Thursday, August 19, 2010

VACATION BIBLE SCHOOL IN CROOKED TREE VILLAGE


Kecia Burcham

 

Lessons from Belize


What a blessing it still is to live in America!  Having just returned from a mission trip to Belize, I was reminded of just how much we have to be grateful for.  However, I also found that there are certain advantages in a third world village that enlightened and surprised me; things we have moved away from in our modern world that may well be worth revisiting.
As parents here in Nashville as well as many cities and suburbs, the neighborhood where children can roam freely and safely is almost a thing of the past.  Even the nicest communities can be homes to pedophiles, careless drivers and others who often don't have the best interests of our children in mind.  What struck me in the Belize village of Crooked Tree is that the children roam the relatively automobile-less streets regularly with only one another.  Rarely are parents with these children, and yet they seem completely comfortable to walk the village.  There is safety in numbers and in the tiny dirt streets where everyone knows everyone else.  A whole herd of unattended smiling, happy children greeted us in the church yard by 8:00 am every morning during my week long visit.
I was reminded of my own childhood when we explored the neighborhoods with our friends until the "street lights came on" which was the signal to come home.  We didn't have to fear so much for our safety and we looked out for each other.  We didn't worry that someone's parents would sue our parents if we made a bad choice. We were expected to be responsible and assumed to be safe.
I saw cooperation in the village.  The children had each other and they knew how to solve their conflicts, share, take turns and depend on themselves.  I never saw them argue and when we played games where there were winners and losers - no one cried "that's not fair" or whined.  And yes, someone won and someone lost, and that was that.  There weren't any parents there to make sure everyone got something for participating, and no one expected it.  Winners and losers both laughed and smiled and survived.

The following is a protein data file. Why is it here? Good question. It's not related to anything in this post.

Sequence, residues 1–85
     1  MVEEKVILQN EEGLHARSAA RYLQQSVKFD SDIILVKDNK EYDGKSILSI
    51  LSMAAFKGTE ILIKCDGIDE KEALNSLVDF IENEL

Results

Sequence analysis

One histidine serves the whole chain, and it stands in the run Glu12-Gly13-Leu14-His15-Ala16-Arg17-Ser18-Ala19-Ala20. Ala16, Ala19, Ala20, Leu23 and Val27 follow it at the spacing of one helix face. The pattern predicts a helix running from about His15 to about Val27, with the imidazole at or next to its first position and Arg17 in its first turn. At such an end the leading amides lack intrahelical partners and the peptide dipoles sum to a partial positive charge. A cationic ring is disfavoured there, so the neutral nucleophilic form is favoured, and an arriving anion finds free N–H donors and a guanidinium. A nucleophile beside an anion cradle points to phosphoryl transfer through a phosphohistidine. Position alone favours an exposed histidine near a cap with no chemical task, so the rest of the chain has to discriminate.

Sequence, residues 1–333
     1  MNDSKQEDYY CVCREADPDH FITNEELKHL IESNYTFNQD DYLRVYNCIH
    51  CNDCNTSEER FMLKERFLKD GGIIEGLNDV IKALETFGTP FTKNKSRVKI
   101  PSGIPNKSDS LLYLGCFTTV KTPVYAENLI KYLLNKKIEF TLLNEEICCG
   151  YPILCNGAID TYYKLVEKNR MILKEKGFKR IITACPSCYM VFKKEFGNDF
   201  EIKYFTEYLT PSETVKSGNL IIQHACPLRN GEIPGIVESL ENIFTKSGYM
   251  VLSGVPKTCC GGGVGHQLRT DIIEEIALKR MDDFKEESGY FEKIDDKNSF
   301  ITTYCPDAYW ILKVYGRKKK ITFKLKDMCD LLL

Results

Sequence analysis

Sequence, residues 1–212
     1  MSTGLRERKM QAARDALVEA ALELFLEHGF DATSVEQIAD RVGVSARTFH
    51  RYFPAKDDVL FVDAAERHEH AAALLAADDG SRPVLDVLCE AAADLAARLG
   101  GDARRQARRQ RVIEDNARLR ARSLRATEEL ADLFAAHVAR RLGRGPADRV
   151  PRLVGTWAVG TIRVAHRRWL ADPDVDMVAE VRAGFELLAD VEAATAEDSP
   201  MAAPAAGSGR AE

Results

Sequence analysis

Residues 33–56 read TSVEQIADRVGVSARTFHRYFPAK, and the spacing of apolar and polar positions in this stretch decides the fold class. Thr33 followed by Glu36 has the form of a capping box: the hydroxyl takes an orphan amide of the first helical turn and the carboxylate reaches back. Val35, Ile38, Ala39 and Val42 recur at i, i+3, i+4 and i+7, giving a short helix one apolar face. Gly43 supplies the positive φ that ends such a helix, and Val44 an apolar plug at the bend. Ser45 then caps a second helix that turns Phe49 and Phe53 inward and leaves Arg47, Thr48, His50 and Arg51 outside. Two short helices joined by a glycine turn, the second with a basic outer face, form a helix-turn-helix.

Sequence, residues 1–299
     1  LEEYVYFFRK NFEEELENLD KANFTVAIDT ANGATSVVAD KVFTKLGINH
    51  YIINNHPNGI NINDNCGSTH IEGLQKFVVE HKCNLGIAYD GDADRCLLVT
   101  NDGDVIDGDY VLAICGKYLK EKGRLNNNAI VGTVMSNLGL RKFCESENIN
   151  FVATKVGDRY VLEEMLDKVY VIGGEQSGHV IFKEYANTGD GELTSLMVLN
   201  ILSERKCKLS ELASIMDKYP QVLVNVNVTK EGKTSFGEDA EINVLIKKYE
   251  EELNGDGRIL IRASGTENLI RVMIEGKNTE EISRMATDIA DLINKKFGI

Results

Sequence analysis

I saw things that would appall many modern American parents, but some of it looked a whole lot like simple responsibility to me.  For example, cows and horses roam the streets wildly and leave their droppings in the fields where children run barefoot for the most part.  No one appeared sick although it made me a little squeamish.  The makeshift monkey bars in the church yard consisted of an old water pipe near a big cement block which certainly wouldn't meet American safety standards.  There was even an old clothesline partially coiled up in the churchyard that you had to avoid getting tangled in.  When I stepped around it daily, I would think of how many lawsuits would be filed over such as that in America.  I thought about how simple it is to just take responsibility for yourself and avoid things that might be in the way instead of blaming someone else and heading off to court.  Children in third world countries know that.  They know to be careful so they don't get hurt, and they know how to pick themselves up if they do.  I only saw one set of tears in the entire week when a little boy fell down, and they were quickly dried. 
I was happy to return to the comforts of home, but I do think there is something to be said for the freedom and innocence enjoyed in that tiny village in Belize.  They have a different set of worries - poverty and education among them and those are huge obstacles, but things seem somewhat safer in some instances and a whole lot less complicated.

1 comment:

Cherry Cadle said...

Thanks so much for reminding some of us how happy we can be when life is simple. For me personally, the poverty,education and opportunities are some of the reasons why I appreciate this country of United States so much. It often puzzles me why so many americans don't seem to understand how lucky they are in so many aspects of life but then again not many of them had the experience of living in a third world country. I am patiently waiting for the day when I can go back to Crooked Tree and live the rest of my life enjoying the simple things. By the way, I also appreciated that you point out the winners and losers part with the children because I have watched with horror where teachers and coaches are putting this bad idea in the children's head that everyone is a winner. What a Crock! Thanks again and hope you had a good time in my little village.